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  #11  
Old 09-20-2018, 02:46 AM
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ruth_rookie ruth_rookie is offline
Jason “the bambino” Babin
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Quote:
Originally Posted by Cooper1927 View Post
I was awarded a Johnson...that’s probably why not...
And lemme guess... you polish it daily? I know I would if I had that impressive piece of hardware.
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  #12  
Old 09-20-2018, 03:43 AM
benjulmag benjulmag is offline
CoreyRS.hanus
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Originally Posted by oldjudge View Post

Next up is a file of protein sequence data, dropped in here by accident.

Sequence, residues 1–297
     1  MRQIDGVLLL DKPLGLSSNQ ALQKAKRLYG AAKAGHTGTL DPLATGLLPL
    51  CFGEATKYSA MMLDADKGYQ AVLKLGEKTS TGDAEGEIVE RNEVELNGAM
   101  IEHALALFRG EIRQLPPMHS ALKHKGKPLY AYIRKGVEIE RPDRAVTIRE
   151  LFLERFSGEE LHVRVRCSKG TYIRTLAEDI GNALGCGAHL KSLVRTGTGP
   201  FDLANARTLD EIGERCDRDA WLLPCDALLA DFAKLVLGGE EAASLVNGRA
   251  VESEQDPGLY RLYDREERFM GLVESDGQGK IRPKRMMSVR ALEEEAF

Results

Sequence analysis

Hi Corey! I think it is almost universally agreed that Walter Johnson was the greatest pitcher ever. His ERA is almost half a run better than Young’s. His shutout total dwarfs Young’s. There is an argument for Mathewson, albeit a weak one, but really none for Young.
Perhaps true Jay, though to some degree it is not an accurate comparison in that Young debuted almost a generation before Johnson, and in order to know what these statistics really mean, one would need to do an analysis of how league pitching stats might have changed over that period.


That said, for purposes of creating an award that would resonate with the public, it is a lot simpler to sell a guy that was the all-time win holder with no close second.
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  #13  
Old 09-20-2018, 04:29 AM
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itjclarke itjclarke is offline